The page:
Published On: 13 March 2023Categories: News

The Ocean Innovation Africa (OIA) is an annual event focused on showcasing entrepreneurship and innovation in blue economy sectors across Africa, with emphasis on sustainability and nature-based solutions. This year, the event took place from 21 to 24 February 2023 in Cape Town, South Africa gathering more than 500 delegates from 59 countries, with 90% of participants emanating from African countries.

The event welcomed participants from across the blue economy spectrum, including representatives from government ministries and agencies of several African states, start-ups, companies, fin tech investors, research institutes and universities, international bodies (IUCN, IOC UNESCO, the World Bank, World Economic Forum), regional bodies (WIOMSA, the Indian Ocean Commission) and NGOs.

Driven by a philosophy of accelerating innovation to create a positive impact on our oceans and coastal communities, OIA 2023 offered a main stage for over 20 start-ups to showcase their ocean-minded initiatives, addressing climate change, pollution or over-exploitation of marine resources. Innovative applications highlighted covered topics from producing commercial products from seaweed to sustainable fisheries and aquaculture, to circular economy solutions for plastics and waste in coastal areas.

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For video recordings of sessions during the event, click here.

OIA 2023 served as the Ocean Race Summit this year, purposefully coinciding with the round-the-world sailing race “the Ocean Race” stopover in Cape Town. An important element of the Ocean Race’s Racing with Purpose sustainability programme, the Ocean Race Summit serves to accelerate action for our marine world by helping to drive new and improved policies around the major issues affecting the ocean and advance support towards Ocean Rights. In line with the racing with purpose ethos, during the 32,000-mile-long Ocean Race 2022/2023, 4.3 million measurements of essential ocean parameters will be taken and more than 400 samples of marine litter will be collected.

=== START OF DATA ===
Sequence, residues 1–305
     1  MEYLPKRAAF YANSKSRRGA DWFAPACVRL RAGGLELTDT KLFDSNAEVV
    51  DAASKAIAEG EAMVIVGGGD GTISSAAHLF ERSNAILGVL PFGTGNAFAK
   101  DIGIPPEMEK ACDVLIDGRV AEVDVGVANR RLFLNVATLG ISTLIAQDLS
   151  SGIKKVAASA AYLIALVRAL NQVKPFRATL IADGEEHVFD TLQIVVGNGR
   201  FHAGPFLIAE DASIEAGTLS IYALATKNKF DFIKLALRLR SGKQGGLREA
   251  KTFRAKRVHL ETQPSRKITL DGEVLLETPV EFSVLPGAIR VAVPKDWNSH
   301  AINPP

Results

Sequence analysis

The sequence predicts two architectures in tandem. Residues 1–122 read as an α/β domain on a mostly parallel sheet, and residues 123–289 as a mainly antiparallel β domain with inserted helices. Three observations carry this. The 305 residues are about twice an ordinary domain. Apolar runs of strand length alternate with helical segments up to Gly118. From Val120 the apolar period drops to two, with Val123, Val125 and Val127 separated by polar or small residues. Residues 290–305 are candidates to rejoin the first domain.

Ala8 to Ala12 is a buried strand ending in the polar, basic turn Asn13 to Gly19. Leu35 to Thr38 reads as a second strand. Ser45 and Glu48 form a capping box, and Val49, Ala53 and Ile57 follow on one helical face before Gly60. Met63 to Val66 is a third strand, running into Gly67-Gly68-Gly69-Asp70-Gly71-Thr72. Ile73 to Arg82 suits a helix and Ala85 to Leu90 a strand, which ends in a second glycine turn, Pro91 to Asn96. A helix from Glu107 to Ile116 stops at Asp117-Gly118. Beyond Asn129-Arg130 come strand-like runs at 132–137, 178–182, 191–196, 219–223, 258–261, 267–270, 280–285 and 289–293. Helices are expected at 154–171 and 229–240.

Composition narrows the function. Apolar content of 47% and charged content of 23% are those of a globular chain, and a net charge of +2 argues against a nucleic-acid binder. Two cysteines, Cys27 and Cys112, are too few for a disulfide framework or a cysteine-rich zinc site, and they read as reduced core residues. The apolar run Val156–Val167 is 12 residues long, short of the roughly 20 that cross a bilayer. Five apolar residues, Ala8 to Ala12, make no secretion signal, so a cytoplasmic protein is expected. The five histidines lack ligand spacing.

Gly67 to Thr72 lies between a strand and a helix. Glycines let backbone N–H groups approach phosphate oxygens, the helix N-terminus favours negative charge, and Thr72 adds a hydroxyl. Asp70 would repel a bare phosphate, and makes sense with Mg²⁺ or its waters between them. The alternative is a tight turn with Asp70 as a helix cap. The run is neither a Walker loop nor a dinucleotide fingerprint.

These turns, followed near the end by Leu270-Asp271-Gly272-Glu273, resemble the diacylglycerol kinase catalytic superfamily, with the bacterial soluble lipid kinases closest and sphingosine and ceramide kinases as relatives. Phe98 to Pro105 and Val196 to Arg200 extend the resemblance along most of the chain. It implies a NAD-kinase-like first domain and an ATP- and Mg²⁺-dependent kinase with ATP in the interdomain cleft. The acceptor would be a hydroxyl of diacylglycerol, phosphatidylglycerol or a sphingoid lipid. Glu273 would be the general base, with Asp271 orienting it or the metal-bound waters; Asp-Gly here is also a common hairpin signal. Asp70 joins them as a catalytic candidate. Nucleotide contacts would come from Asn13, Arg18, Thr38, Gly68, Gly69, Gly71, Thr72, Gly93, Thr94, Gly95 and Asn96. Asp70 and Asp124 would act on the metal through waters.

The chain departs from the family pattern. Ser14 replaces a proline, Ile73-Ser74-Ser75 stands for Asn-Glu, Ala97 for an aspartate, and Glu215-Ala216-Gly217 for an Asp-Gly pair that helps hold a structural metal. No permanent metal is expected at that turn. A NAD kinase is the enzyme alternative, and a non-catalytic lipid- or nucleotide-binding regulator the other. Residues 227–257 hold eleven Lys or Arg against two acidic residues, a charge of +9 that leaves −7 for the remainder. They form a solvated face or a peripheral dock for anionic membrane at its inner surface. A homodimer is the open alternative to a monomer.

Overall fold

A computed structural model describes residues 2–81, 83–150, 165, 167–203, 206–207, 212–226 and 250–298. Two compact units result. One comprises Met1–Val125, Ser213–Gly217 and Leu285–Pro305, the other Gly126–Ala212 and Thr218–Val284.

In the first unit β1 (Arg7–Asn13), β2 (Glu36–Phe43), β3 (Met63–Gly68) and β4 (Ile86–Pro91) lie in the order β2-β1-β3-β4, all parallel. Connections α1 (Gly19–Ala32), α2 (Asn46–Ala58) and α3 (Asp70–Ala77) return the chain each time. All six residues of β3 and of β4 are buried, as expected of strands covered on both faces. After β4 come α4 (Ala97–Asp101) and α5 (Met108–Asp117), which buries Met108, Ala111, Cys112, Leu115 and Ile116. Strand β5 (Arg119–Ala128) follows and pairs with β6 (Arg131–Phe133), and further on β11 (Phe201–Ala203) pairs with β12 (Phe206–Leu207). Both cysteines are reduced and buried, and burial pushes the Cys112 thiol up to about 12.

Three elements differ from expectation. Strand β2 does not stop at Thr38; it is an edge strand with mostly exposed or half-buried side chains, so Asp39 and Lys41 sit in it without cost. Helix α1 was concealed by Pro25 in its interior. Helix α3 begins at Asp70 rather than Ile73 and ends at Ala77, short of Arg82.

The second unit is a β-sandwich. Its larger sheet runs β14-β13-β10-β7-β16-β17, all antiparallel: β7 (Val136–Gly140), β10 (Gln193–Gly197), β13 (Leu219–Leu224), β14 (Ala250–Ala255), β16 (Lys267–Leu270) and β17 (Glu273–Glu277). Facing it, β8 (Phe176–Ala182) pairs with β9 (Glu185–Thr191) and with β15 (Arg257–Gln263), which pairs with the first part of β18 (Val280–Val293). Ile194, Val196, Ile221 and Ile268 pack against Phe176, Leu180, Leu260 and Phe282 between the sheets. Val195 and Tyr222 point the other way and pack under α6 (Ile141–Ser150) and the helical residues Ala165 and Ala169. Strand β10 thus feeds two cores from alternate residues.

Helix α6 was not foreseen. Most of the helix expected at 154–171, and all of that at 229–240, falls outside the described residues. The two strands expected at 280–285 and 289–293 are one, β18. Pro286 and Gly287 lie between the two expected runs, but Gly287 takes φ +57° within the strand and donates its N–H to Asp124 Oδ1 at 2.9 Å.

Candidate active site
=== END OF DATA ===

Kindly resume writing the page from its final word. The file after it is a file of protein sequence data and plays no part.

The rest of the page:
EU4OceanObs in its drive to support the increased collection, sharing and use of ocean observations for the benefit of society participated in OIA 2023 as a sponsor, supporting the plenary session on Data, Exploration and Security and animating a stand at the Ocean-Impact Exhibition.

Some highlights

Dr Jacqueline Uku, Chairperson of Ocean Decade Africa Roadmap Taskforce from the Kenya Marine and Fisheries Research Institute) gave the opening key note address with a presentation of the African Ocean Decade Roadmap – a key document providing a vision and plan for diverse stakeholders to convene around a common set of priorities for the implementation of the Ocean Decade in Africa. In the long-term, the Roadmap will be used to establish and clarify institutions’ ocean science strategies and to help in the prioritisation of investments in scientific infrastructure, such as observations, monitoring, and data management.

In her address Dr Uku highlighted key priorities including strengthening the African components of the ocean observations network as part of the overall development of the Global Ocean Observing System (GOOS) and the need to establish an African ocean knowledge hub (Digital Twin for Africa) and ocean literacy programme.

In the discussions thereafter, the audience was reminded that conservation is not a top priority for many coastal communities in Africa. There is a need to be able to measure and provide evidence for tangible benefits in communities and these benefits need to be able to directly reflect improved livelihoods. And this is where ocean and coastal observations and monitoring have a strong role to play.